On 15 August 2020, Poland marks the centennial anniversary of its stunning victory at the “Battle of Warsaw,” the culminating battle of the 1919-1920 Polish-Soviet War. Marshal Piłsudski’s “master stroke,” battle plan, reversed fortunes, the Soviets suffered an epic military disaster, while Poles triumphed in the “Miracle on the Vistula.” In the fight for freedom one hundred years ago, Americans went to battle with Poland against the Soviet Red Army, and as they did, they stood “on the shoulders” of Poles who had fought for American independence almost 150 years earlier - as Colonel (Retired) Ray Wojcik, Director, Center for European Policy Analysis writes for Defence24.pl.
This August 15th in Warsaw, U.S. Secretary of State Mike Pompeo – a former Cold War era U.S. Army Captain - alongside Polish Defense Minister Mariusz Błaszczak, signed the historic U.S.-Poland Enhanced Defense Cooperation Agreement (EDCA), while proud American soldiers stood shoulder-to-shoulder with Polish allies in Armed Forces Day commemorations and events. It’s a continuing sign of solidarity with Poland and the region, following Russia’s illegal annexation of Crimea, continued sponsored War in Ukraine’s Donbass, and its wider campaign to divide the West, NATO and the EU.
The timing of Pompeo’s visit could not be better as he emphasized America’s commitment to Poland, and Central/Eastern Europe (CEE) allies and partners. Importantly, he signaled that America stands together with her allies and partners, for the Belarussian people and their freedom, against a regime crackdown on democratic forces in the wake of unfree elections. This comes amidst concerns about renewed Kremlin pressure on Belarus to accept terms for even more control by Moscow. The parallel to 1920 should not go unnoticed when as Russia’s Gen Tukhachevsky put it: “To the West! Over the corpse of White Poland lies the road to world-wide conflagration. March on Vilno, Minsk, Warsaw!”
For Poles, 15 August is a trifecta holiday as it is the Catholic Church’s Feast of the Assumption, it marks the Battle of Warsaw and is therefore celebrated as Polish Armed Forces Day. Pompeo’s visit is significant, the culminating event during an important multi-nation tour underlining cooperation, assurance, deterrence and defense. He is the highest-level U.S. cabinet official in history to join Poland’s Armed Forces Day. It’s a fitting capstone event, as two weeks earlier, the EDCA was poignantly unveiled at the historic “Kopiec Kościuszki” (Kościuszko Mound), named after General Tadeusz Kościuszko, a figure at the heart of Polish-American friendship.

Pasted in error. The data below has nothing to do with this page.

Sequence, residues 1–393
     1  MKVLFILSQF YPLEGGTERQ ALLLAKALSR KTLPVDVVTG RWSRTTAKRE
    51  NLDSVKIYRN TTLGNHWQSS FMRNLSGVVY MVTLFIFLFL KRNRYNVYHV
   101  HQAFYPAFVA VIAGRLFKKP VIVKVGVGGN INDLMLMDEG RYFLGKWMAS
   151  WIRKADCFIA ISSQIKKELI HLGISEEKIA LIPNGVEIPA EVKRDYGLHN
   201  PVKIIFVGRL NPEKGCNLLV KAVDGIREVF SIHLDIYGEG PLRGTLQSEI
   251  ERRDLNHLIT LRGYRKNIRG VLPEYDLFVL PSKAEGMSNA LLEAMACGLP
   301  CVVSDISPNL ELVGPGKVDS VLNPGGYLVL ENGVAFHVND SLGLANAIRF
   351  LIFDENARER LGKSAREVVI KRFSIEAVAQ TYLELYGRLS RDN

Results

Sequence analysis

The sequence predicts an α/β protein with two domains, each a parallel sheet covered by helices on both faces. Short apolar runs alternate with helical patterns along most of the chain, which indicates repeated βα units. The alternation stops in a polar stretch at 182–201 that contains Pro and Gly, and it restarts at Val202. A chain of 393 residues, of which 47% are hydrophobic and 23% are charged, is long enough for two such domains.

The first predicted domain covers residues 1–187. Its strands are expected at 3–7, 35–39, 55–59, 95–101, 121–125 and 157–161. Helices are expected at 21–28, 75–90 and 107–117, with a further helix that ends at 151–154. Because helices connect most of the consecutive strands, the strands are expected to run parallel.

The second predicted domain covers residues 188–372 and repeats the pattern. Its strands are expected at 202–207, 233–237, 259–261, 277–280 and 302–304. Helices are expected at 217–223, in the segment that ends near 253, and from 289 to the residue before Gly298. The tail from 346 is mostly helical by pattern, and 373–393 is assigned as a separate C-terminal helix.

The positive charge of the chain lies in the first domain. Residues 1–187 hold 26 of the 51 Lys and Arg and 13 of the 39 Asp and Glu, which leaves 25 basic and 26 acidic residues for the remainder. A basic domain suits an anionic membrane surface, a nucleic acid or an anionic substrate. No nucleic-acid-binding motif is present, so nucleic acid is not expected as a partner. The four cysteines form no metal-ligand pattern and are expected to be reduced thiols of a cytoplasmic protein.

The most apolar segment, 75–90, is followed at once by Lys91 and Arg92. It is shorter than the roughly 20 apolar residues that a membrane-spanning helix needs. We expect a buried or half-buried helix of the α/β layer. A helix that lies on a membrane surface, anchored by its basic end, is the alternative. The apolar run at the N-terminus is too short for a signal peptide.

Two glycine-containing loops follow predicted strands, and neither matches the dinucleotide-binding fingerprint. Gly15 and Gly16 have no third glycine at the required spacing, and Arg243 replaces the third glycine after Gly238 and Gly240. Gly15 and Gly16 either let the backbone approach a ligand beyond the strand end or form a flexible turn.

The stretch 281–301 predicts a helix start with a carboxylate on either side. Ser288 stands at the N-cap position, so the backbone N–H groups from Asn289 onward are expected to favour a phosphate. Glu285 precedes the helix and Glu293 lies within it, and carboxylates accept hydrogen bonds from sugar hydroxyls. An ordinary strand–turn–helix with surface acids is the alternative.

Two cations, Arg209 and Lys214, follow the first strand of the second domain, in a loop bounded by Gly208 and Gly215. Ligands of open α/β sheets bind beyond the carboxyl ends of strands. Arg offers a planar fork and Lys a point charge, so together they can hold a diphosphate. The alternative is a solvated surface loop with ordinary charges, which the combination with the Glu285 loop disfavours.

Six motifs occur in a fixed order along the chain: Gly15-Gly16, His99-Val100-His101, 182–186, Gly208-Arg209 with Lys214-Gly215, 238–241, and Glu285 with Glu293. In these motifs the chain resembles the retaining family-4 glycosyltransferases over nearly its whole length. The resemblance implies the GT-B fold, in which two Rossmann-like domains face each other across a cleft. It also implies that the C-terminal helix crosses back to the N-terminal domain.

It might be said, the spirit of Kościuszko participated as the new U.S.-Poland defense agreement was promulgated, including the commitment of further American troop deployments, to bolster security and defense of Poland, and her NATO East Flank neighbors. Importantly in the context of Pompeo’s messaging, it’s good to recall that Kościuszko is not only a hero to Poland and America, but to Lithuania and to many in Belarus. It’s no accident that Poland and Lithuania are working closely together to energize EU and U.S. attention on Belarus and the threat Russia poses. Meanwhile, Lithuania, is the safe harbor for Sviatlana Tsikhanouskaya, the Belarussian opposition candidate who fled her homeland for safety, as post-election demonstrations turned violent.
Forgotten to many about the Polish-Soviet War period, are important contributions allies provided to Poland’s struggle for independence. Great powers wiped Poland off the map of Europe for 123 years, but after WWI, Poland seized the “moment” to change history. The outcome of the Polish-Soviet War, would determine whether Poland remained free, and if it were to fall, then Germany and most of Europe would suffer the scourge of Lenin’s “Red Wave” of Communist revolution.
Poland needed help. While France, Canada and Hungary provided important advisory, training and material support, it was America which sent thousands of mostly recent Polish immigrants, to join their former countrymen. Nearly 25,000 Polish-Americans left the safety of their new home, eagerly making the transatlantic deployment to join General Haller’s “Blue Army,” playing an important role in the final stages of WWI in France, and then in the Polish-Soviet War. It’s an interesting parallel today, that in a crisis, the EDCA provides for immediate deployment of up to 20,000 American troops to Poland.